1978 Ford F250 (Specs And Features)

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You have spied a 1978 F250 that you’re considering restoring, but first, you need to research the vehicle. What are the specs and features of the ‘78 F250?

The 1978 Ford F250 is part of the sixth generation of F-series pickup trucks that began in 1973. The truck established the foundation for Ford’s dominance of the market as the best-selling truck for 46 years. The truck was offered in 4 trim levels (Custom, Ranger, Ranger XLT, and Ranger Lariat).

When it comes to longevity, there is no dynasty in the truck world that is better than the 46 years that the F-series has been the bestselling truck in the world. With a dedication to excellence, the Ford brand has captured the hearts and minds of the American consumer. But what makes the 1978 F250 better than the rest? Why is it one of Ford’s most popular trucks ever? And what spurs restorers to seek sale barns for this classic truck? Well, let’s explore the features and specifications of this classic truck to see if we can answer those questions and point you in the right direction.

Table of Contents


What Are The Features of the ‘78 F 250?

Let’s explore what makes the 1978 Ford F250 generate so much interest for an owner looking for a classic vehicle to restore to life. (If you happen to find one in great shape, be sure to snatch it up)


The 1978 Ford F-250 runs with a standard 4.9L 300 cubic-inch inline-6 cylinder, though the 400 cubic-inch 6.6L V8 and 7.9L 460 cu in V8 were offered as options. (Ford introduced the 400 as a replacement for the 360 V8 the year before).

Engine Specs for HP and Torque
300 cu in 4.9 L Inline Six 101 Horsepower
400 cu in 6.6 L V8 169 Horsepower
460 cu in 7.5 L V8 239 horsepower

The inline six-cylinder engine was a part of the Ford landscape for years, and while it stood the test of time (1960 - the mid-90s), it was never a winner in the power department. Only 8.5% of the F250s were built with the weaker six (most owners opted for the larger V8s), so not many of them were driven.

The ‘78 F250 offered transmissions ranging from the stock 3-spd manual to the SelectShift three-speed Cruise-O-Matic automatic were available. (According to Ford records, 60% of owners sought to outfit their trucks with automatic transmissions). New for 1978 was the 4-speed manual with overdrive, which also appealed to new buyers.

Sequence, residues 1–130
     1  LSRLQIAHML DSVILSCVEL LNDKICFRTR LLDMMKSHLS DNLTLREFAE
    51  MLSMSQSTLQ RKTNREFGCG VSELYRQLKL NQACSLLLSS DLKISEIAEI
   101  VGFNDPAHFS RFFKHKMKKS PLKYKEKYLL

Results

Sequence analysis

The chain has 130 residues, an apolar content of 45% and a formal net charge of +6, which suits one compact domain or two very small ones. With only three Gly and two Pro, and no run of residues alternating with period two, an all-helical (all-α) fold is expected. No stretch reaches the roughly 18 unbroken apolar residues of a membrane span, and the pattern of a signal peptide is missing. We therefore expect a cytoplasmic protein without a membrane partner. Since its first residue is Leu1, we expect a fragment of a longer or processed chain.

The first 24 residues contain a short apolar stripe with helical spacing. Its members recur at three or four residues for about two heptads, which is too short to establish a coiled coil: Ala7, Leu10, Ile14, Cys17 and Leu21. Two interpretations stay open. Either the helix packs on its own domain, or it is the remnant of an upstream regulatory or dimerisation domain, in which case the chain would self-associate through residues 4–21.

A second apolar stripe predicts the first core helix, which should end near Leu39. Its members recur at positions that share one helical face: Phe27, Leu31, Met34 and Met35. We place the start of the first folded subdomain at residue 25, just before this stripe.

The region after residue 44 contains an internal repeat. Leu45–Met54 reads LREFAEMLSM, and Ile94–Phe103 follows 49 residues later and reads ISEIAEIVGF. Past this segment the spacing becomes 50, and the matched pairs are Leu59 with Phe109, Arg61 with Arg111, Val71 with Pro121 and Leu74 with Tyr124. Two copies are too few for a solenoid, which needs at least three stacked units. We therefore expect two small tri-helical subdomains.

Power Steering and Brakes

The 1978 Ford F250 came with standard power brakes. The company had been using power sterling for a couple of years (since 1973).


In 1978, Ford offered a choice between Flareside and Styleside options. (Flareside trucks had rear fenders that flared out from the wheel wells. Stylesides were straight with no flaring).

Ford continues the “Dentside” identifying mark that ran along the side of their trucks, from the front parking light to the rear reflector light on the back side of the bed wall.

The split-grille front that had been a part of Ford’s front end was scrapped for a single grill appearance with larger, separate headlights silhouetting the sides of the grille.

The cab configurations included Regular Cabs, Supercabs, and Crew cabs, although the four-door cabs were reserved for sale for fleet work trucks mostly. The Std pickups offered two-size beds, 6.5 and 8 feet. The wheelbase was 139 inches for the shorter bed and 133 inches for the longer eight-foot bed.

Trim Levels

The 1978 Ford was offered in four trim levels (Custom, Ranger, Ranger XLT, and Ranger Lariat). In addition, Ford made 4x4 models with the choice of full-time or part-time 4-wheel drive.

Since Ford redesigned their internal transfer case, lowering the truck’s height, they could offer a Camper Special Package for these 4x4s without fear that a stiff breeze might blow them over. Owners who wanted a camper package as an option could slide a 12-foot camper onto the trunk’s bed.